Non-Consequentialism (Immanuel Kant) Categorical imperative – universal rules – lying is wrong because if it were universalised then words would lose meaning Respect for persons –Individuals should not be treated simply as means to an end Adapted from Taylor, H. (2006) Ethical Analysis, The Johns Hopkins University and Holly Taylor.
Practicalities Greenfield (1997) tells us that the Declaration of Helsinki is a good place to start. Whilst this focused on biomedical research it has lessons for us all.
Here are the main points: [My comments are in this style of parenthesis] It is unethical to conduct research which is badly planned or poorly executed....research...must conform to generally accepted scientific principles...based on adequately performed...experimentation and on a thorough knowledge of the scientific literature. Every...research project...should be preceded by careful assessment of predictable risks in comparison with foreseeable benefits...
Here are the main points: [My comments are in this style of parenthesis] In the publication of results [your write up constitutes this] of...research...preserve the accuracy of the results. Report of experimentation not in accordance with the principles...should not be accepted for publication. The research protocol should always contain a statement of the ethical considerations involved. Special caution must be exercised in the conduct of research which may affect the environment.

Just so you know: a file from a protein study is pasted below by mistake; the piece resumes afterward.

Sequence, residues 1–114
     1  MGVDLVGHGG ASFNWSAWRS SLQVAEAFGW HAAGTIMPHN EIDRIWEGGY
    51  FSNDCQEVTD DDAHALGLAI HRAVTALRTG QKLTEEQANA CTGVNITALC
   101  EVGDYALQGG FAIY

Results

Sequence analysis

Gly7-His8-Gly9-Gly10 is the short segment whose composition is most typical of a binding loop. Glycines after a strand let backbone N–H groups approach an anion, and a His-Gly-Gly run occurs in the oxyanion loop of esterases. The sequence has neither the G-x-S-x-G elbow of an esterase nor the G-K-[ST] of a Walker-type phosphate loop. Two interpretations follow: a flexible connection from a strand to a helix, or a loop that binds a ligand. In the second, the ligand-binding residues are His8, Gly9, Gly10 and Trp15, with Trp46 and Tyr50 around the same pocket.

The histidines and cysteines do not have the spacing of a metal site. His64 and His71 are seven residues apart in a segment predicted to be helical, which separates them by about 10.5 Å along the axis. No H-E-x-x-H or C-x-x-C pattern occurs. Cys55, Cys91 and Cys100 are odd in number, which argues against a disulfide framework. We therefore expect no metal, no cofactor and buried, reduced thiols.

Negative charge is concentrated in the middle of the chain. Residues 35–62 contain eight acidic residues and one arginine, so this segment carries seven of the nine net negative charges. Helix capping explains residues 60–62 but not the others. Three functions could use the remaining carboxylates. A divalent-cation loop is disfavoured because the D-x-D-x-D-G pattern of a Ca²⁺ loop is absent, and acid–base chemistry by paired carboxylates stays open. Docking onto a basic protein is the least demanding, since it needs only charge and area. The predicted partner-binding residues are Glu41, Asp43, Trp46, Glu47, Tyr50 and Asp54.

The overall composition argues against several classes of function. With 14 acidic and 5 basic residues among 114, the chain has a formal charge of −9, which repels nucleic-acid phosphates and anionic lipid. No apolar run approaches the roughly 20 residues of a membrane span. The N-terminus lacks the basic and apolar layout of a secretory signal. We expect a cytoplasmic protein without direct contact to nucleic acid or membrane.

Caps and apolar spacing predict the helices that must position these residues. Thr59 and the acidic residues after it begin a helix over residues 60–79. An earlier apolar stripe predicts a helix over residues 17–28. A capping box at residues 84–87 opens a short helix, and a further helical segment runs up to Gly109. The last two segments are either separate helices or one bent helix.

UoP Ethical Principles for Research Involving Human Participants 1.Informed Consent 2.Openness and Honesty 3.Right to Withdraw 4.Protection from Harm 5.Debriefing 6.Confidentiality 7.Ethical Principles of Professional Bodies
Informed Consent The researcher should, where possible, inform potential participants in advance of any features of the research that might reasonably be expected to influence their willingness to take part in the study. Where the research topic is sensitive, the ethical protocol should include verbatim instructions for the informed consent procedure and consent should be obtained in writing. Where children are concerned, informed consent may be obtained from teachers acting in loco parentis. However, where the topic of research is sensitive, written informed consent should be obtained from individual parents/those with parental responsibility.